Starting the Conversation

A gym owner starting a conversation with a client over coffee

Your relationship with a client is a lifelong conversation.

Unless you start that conversation with screaming. Or a tantrum. Or you look like you’re desperate for attention.

Good conversations start with the “help first” ethos: You find someone who needs help. You offer that help. You keep offering it until the person commits to you.

In a romantic relationship, you might start the conversation with, “Hi, my name is Ellen.”

In a transactional relationship, you start a conversation with “I think I can help … .”

Here’s how to do it, step by step.


“Let’s Talk”

  1. Clearly identify your audience. Your service will never be for everyone. You don’t want it to be for everyone. Who is your dream client? Describe that person. If you already have clients in your gym, follow the Pumpkin Plan. If you don’t, make up your perfect avatars. We’re going to duplicate them.

  2. Follow your audience around. Where do they go for coffee? What do they eat after the gym? How many kids do they have? Which social platforms do they use? Where do your avatars congregate? (You don’t have to be a stalker. It’s also OK to take them for lunch and just ask them. That’s what I do.)

  3. Find the top questions your avatars are asking. If your top client is in a Facebook group for moms, what are the key topics of conversation in there? If your avatar plays professional baseball, what does he talk about in the locker room or in the dugout? Find problems to solve and you’ll always have an audience.

  4. Publish solutions to your avatar’s problems. Put them on your website. Write them on a blog. Record them on video. Share them where your avatars and audience will see them. If your solutions are good, you’ll build an audience. If you can build an audience, you’re set for life.


Content and Conversations


Here’s how I use the steps listed above: “Be Expensive or Be Free.”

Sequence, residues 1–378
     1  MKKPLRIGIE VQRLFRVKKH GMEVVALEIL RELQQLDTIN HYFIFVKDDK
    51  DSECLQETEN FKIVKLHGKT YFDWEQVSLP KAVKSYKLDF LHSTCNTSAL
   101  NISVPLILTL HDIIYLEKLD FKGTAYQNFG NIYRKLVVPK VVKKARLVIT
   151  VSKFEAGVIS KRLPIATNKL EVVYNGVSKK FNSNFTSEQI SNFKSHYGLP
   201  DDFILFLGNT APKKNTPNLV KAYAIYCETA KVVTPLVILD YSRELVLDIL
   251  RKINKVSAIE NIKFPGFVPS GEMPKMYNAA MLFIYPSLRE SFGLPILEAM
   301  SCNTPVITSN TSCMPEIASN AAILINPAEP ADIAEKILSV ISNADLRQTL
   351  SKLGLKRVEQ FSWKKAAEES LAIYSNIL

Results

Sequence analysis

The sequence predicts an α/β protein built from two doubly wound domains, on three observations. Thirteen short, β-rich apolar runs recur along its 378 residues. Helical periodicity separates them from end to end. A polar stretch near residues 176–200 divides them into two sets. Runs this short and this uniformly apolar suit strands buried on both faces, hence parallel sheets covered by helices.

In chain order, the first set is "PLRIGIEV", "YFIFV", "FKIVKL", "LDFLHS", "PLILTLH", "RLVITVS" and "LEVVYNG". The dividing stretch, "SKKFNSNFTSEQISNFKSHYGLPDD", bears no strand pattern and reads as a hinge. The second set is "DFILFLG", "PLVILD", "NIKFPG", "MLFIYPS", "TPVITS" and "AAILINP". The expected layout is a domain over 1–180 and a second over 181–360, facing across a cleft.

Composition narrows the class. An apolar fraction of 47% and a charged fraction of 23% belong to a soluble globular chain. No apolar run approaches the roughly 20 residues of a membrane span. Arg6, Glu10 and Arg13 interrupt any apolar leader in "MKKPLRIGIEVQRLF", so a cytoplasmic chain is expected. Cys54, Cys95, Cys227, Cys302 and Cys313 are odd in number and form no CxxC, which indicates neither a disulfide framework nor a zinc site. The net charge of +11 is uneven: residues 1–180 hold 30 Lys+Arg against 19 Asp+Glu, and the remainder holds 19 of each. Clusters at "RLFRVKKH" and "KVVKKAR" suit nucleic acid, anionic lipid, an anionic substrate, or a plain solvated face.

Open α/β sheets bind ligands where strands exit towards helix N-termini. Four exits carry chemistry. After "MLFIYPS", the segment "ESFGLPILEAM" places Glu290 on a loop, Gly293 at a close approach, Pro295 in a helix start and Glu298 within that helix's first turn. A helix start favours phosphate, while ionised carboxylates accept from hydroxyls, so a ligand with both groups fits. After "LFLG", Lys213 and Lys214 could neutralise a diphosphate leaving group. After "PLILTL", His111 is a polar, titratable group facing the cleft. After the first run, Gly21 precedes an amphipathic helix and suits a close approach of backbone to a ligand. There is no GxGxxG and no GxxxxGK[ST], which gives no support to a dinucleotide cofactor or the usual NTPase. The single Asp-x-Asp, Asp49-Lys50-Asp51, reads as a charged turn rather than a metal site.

How to start producing media in your gym: Two-Brain Radio.

Sometimes, I’ll identify a particular need that people in my community have.

For example, during the COVID Crisis, I realized that a lot of people in my city were homebound. So I produced a high-quality booklet (aka, a “lead magnet”) on training and home and mindset, and I traded that for their email addresses. I wanted the addresses so I could continue the conversation—not so I could spam them or pump “sales letters” into their inbox. I’ll tell you about “love letters” in the next post in this series.

Learn about Lead Magnets here: Two-Brain Radio.

Why you can’t just run ads all the time: Two-Brain Radio.

Your introduction frames your conversation. Your conversations with potential clients frame your relationships with them forever. If you attract their attention with things of substance—useful help, meaningful motivation—you’ll earn their trust. If you attract their attention with fleeting giveaways and discounts, you’ll earn a fleeting client.

You’re playing a long-term game. Let’s have long-term conversations.

In the next installment, I’ll tell you how to have conversations that last for years.


Other Media in This Series


The Catchiest Title of All Time (Content Marketing)
Newletters Are Dead (Here’s the Replacement)
Content Marketing: “This Is Working!”

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